Obama Arctic Legacy That Included Phase Out of Heavy Fuel Oil Would Eliminate Most Dangerous Threat Identified for Arctic Waters
President Obama made history last summer by being the first sitting president to visit the Arctic, speaking passionately about climate change and focusing on Arctic challenges. Phasing out the use of heavy fuel oil by the increased number of ships now transiting the Arctic is an urgent challenge that can be readily addressed and reduce the top risk identified to Arctic communities and fragile marine environments.
International rules for shipping are set by the International Maritime Organization (IMO) where the U.S. delegation has strong leadership. August 19 is the deadline for submissions for the last meeting of the IMO to take place during this administration. The meeting is set for late October. Given the United States’ strong role at the IMO, any U.S. action taken for this meeting will go a long way towards setting in motion the necessary discussion and rule making by the IMO that would extend beyond this administration and result in legacy protections for the Arctic from heavy fuel oil.
The Arctic Council, now chaired by the United States, has identified a spill of heavy fuel oil as the top risk posed by increased vessel traffic. But, heavy fuel oil, the dirtiest and most dangerous fuel, has yet to be regulated in Arctic waters.
The risks posed by heavy fuel oil were recognized by President Obama and Prime Minister Trudeau in their March 10 Joint Statement which highlighted the need to “best address the risk posed by heavy fuel oil use and black carbon emissions from Arctic shipping.”
The Arctic marine environment is remote, dangerous, fragile, and severe. Storms routinely reach hurricane force, waters are ice-filled and poorly mapped, communication systems can easily fail, and substantive spill response or search and rescue can be thousands of miles and weeks away.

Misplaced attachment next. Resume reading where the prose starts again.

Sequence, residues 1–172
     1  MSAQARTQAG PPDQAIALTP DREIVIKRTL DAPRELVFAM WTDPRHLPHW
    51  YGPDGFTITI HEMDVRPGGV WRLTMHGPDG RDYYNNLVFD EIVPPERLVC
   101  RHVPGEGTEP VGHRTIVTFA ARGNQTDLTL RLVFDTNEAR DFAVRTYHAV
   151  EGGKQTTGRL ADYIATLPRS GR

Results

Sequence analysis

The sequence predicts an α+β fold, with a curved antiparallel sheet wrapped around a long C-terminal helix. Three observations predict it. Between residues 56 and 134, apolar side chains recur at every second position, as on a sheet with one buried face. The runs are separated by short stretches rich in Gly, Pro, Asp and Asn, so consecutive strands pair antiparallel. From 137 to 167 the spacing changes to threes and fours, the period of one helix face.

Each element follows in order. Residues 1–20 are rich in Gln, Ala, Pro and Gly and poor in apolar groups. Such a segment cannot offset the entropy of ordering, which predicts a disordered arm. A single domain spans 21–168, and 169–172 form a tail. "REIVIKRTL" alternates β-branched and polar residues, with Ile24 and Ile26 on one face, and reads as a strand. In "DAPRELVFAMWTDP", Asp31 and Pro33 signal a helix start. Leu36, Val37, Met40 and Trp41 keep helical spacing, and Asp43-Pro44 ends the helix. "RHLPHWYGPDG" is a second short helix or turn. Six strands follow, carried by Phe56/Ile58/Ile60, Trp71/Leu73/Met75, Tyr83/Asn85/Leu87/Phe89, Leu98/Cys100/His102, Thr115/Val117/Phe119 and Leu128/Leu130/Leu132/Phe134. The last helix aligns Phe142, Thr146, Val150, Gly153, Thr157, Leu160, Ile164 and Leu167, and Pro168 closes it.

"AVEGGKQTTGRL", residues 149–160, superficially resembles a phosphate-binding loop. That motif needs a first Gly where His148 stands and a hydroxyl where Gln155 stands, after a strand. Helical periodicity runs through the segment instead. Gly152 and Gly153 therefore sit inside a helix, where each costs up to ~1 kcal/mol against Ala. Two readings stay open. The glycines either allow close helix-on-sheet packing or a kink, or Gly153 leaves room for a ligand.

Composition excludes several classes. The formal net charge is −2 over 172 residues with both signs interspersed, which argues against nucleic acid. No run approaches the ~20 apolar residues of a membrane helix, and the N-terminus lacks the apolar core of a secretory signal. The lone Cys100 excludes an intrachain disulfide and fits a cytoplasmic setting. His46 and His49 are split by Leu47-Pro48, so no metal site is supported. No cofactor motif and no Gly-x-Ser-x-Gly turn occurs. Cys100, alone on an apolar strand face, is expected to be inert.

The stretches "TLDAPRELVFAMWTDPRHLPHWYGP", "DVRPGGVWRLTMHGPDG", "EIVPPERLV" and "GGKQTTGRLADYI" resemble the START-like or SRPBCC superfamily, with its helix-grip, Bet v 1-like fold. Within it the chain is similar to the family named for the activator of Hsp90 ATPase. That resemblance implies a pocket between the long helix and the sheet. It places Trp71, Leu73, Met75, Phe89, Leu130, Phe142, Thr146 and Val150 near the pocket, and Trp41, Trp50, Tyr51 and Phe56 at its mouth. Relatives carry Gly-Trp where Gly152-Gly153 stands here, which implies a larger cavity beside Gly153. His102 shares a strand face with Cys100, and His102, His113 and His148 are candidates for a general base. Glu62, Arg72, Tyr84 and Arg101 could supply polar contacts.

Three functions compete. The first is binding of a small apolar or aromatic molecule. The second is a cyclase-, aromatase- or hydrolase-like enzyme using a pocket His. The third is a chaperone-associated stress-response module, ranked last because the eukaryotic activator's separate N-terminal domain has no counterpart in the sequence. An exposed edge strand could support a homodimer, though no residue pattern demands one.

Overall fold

Prohibiting the use of heavy fuel oil by shipping in the Arctic will produce a number of significant environmental and social benefits. These include reducing black carbon emissions that could severely impact arctic climate. As well, risks will be reduced to the security of Alaska Natives and other arctic indigenous peoples who depend for food on marine resources vulnerable to oil spills.
In 2010, the IMO, considering similar risks of an oil spill in remote polar waters, adopted a ban of heavy fuel oil in Antarctic waters which takes full effect this year.
In April, an international coalition of NGOs called on the International Maritime Organization to prohibit the use of heavy fuel oil in Arctic waters. During discussions, Sweden, Norway, Canada, and France all offered some measure of support.
The remaining opportunity for the International Maritime Organization to consider heavy fuel oil in the Arctic during the Obama administration is during its October 2016 meeting. The Obama administration can create a legacy of a safer Arctic by either recommending that existing law be amended to restrict the use of heavy fuel oil in arctic waters or simply calling on the IMO to create a work item to review this issue.
These actions, which need to be submitted by August 19, would likely set in motion discussion and rule making that would extend beyond this administration and result in protections in the Arctic from the top identified threat of heavy fuel oil. Leadership by the U.S. would likely find ready support from other nations as well.
Kevin Harun, Arctic Program Director, [email protected], 907-440-2443
Sue Libenson, Senior Arctic Program Officer, [email protected], 907-303-0022